(New York Times) AT&T is “carefully considering” monitoring the Web-surfing activities of customers who use its Internet service, the company said in a letter in response to an inquiry from the House Committee on Energy and Commerce. While the company said it hadn’t tested such a system for monitoring display advertising viewing habits or committed to a particular technology, it expressed much more interest in the approach than the other big Internet providers who also responded to the committee’s letter. AT&T did however promise that if it does decide to start tracking its customers online, it will “do so the right way.” In particular, the advertising system will require customers to affirmatively agree to have their surfing monitored. This sort of “opt-in” approach is preferred by privacy experts to the “opt-out” method, practiced by most ad targeting companies today, which records the behavior of anyone who doesn’t explicitly ask to not to be tracked.

Mystech: Because illegally patriotically spying on us to keep us safe wasn’t enough. Now, AT&T is going to do it for profit.  Welcome to America, best democracy money can buy.

The Congressional committee began looking at advertising that targets ads based on the behavior of Internet users after reports emerged that several Internet service providers, including Charter Communications, were preparing to begin selling the chronicles of of their customers’ Web-surfing activities to a company called NebuAd. It sent letters to 33 companies asking about the targeting practices. (All of the responses the committee has received so far are here.)

Charter, which has since put the plans on hold, was planning to use an opt-out approach. It told the committee that 1.6 percent of those customers who were notified by mail of the NebuAd system elected not to have their Web surfing monitored.

Of the other major Internet service providers who have responded, most including Comcast, Verizon, Time Warner Cable, and AOL said they did not monitor the surfing behavior of their customers on sites they don’t run. Some, especially AOL, do have targeting systems in place for their own sites.

In contrast to the terse statements from the other Internet providers, AT&T’s letter, from Dorothy Attwood, the company’s senior vice president for public policy, was a spirited defense of behavioral targeting. Such a system, she wrote, “could prove quite valuable to consumers and could dramatically improve their online experiences, while at the same time protecting their privacy.”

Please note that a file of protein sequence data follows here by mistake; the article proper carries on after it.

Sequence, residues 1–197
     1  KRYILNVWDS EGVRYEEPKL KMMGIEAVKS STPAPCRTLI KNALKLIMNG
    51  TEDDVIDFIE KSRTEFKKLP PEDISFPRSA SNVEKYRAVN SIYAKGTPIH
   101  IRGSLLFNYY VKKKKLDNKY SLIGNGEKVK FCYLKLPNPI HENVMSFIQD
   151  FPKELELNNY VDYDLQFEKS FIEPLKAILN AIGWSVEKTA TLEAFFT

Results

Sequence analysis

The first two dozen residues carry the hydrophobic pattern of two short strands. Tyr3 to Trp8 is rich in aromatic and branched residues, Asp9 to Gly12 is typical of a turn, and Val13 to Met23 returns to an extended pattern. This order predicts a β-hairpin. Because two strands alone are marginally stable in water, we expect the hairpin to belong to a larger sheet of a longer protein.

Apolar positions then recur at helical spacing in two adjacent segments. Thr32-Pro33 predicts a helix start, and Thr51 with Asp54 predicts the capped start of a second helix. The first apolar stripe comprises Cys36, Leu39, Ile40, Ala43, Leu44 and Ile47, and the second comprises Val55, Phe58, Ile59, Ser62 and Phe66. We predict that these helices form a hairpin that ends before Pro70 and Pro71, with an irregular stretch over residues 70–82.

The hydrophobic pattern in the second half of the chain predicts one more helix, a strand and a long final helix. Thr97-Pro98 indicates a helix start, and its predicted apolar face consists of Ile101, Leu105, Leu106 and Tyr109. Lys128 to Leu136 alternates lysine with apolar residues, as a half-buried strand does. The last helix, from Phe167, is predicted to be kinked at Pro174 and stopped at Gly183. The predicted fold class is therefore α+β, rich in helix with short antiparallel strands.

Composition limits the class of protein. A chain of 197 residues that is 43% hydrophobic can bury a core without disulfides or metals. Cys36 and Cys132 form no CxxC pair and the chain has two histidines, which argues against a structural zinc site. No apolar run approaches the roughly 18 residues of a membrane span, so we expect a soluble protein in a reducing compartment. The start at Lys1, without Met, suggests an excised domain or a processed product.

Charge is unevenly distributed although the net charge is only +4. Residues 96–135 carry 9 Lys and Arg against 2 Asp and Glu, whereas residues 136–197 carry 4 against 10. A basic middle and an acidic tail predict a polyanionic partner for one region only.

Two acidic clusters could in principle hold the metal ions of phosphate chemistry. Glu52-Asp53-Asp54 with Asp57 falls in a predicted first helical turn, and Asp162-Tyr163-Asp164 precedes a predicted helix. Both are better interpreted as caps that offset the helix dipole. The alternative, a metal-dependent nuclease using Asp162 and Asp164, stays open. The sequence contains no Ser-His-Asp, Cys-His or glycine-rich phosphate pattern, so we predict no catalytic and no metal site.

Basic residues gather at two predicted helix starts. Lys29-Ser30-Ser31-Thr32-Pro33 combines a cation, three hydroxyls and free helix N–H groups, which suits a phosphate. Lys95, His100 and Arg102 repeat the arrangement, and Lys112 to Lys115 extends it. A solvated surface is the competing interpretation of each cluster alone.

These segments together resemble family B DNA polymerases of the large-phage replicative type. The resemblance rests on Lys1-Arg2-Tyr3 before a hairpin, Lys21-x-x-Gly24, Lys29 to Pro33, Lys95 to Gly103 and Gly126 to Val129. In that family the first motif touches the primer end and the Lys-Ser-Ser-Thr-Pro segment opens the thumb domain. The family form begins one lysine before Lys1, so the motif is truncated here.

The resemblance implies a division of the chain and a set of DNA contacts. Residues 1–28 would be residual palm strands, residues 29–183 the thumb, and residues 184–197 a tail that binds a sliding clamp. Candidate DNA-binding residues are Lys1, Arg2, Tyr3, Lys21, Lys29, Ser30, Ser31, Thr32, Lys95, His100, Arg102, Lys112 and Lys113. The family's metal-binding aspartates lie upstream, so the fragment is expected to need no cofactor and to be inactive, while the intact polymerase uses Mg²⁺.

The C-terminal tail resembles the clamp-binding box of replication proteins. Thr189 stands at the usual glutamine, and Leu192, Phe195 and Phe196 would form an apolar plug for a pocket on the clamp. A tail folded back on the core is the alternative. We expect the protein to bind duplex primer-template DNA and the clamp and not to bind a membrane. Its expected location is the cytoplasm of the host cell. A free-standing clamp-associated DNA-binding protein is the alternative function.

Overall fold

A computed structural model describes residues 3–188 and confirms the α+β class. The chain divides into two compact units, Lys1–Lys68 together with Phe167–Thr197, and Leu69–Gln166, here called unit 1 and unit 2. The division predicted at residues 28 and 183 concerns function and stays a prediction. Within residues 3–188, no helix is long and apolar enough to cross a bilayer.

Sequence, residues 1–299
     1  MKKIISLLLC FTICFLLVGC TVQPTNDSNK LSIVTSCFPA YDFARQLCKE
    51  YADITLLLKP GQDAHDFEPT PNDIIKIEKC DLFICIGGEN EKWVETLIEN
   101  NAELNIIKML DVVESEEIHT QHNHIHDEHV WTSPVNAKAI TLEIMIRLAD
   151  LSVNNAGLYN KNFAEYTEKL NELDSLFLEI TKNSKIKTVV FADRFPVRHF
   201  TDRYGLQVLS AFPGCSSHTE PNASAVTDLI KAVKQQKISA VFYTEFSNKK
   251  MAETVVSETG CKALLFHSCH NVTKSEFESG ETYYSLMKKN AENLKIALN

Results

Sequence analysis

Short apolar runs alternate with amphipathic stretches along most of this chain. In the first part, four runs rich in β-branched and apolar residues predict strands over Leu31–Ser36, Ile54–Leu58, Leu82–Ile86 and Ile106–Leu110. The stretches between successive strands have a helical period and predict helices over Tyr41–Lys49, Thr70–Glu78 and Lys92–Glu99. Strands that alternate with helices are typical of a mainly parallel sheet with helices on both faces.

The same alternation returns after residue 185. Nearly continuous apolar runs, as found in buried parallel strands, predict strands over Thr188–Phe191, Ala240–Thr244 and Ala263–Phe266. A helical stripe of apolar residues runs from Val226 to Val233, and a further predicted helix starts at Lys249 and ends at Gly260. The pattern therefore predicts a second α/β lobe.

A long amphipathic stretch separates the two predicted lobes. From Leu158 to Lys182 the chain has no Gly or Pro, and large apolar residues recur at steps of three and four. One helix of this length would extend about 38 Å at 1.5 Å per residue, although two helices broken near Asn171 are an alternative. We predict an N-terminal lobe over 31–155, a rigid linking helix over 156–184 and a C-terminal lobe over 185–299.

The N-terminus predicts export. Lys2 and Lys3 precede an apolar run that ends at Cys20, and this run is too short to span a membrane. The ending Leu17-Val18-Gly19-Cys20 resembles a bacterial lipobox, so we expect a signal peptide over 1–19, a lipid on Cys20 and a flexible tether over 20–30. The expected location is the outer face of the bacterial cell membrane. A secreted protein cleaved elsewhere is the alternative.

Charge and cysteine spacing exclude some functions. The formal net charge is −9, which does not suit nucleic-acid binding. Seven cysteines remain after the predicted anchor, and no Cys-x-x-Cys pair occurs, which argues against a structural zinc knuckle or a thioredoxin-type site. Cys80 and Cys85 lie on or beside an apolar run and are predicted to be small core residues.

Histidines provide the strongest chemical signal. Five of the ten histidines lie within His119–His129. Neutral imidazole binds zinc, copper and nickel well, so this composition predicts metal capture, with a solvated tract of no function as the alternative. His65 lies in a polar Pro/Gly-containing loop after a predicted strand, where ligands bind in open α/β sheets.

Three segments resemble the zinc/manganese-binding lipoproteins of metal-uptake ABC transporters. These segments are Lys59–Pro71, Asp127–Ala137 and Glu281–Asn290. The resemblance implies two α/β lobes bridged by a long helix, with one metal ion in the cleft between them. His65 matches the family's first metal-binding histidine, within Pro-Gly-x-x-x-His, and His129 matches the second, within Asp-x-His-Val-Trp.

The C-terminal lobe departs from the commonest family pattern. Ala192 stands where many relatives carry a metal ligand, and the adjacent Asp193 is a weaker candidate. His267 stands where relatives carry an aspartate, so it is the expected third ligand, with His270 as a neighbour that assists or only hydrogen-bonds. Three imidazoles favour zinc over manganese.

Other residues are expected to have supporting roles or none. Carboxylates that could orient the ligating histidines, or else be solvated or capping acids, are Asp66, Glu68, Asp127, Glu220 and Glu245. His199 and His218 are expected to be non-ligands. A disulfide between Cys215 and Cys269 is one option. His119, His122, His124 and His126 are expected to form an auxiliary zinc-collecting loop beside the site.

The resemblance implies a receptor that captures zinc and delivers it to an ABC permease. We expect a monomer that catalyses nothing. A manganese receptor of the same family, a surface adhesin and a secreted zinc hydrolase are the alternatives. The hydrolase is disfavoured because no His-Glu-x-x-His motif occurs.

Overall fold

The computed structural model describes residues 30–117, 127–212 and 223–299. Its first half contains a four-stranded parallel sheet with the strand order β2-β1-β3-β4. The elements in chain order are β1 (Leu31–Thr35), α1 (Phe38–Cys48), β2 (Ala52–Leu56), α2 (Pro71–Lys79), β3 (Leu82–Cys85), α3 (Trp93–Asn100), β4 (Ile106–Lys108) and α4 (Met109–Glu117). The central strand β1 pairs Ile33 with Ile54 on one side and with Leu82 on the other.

Ms. Attwood also took a rather combative approach toward Google and other Internet advertising firms. Their targeting methods, she said, “are as effective as any technique that an I.S.P. might employ at creating specific customer profiles and enabling highly targeted advertising.” She added:

Advertising network operators such as Google have evolved beyond merely tracking consumer Web surfing activity on sites for which they have a direct ad-serving relationship. They now have the ability to observe a user’s entire Web browsing experience at a granular level.

Indeed, the letter was quite critical of Google’s own response to the committee’s inquiry. Google deflected most of the specific questions by saying it interpreted the committee as being interested in “deep packet inspection” the technique used by Internet service providers to monitor surfing behavior of their customers. By doing so, it didn’t provide specific information on the other targeting methods it uses. AT&T challenged Google’s view:

The responses of certain companies such as Google suggest that your inquiry is narrow and focused only on a single technology: deep-packet-inspection. We do not read the questions so narrowly. Indeed, to do so suggests that the significant policy questions posed here depend on the technology at issue. We understand your letter to be a clear inquiry into end-user/customer privacy as a whole and are responding accordingly.

I’ve written to Google and it’s comment is below will post its response when I get one.

Until now, it looked like the spotlight of public attention had substantially inhibited the interest of Internet providers in using surfing data for advertising systems. Given AT&T’s assertive stance in this letter, it will be interesting to see if the company is willing to brave what will doubtless be a loud outcry to attempt deep-packet inspection in what it defines as “the right way.”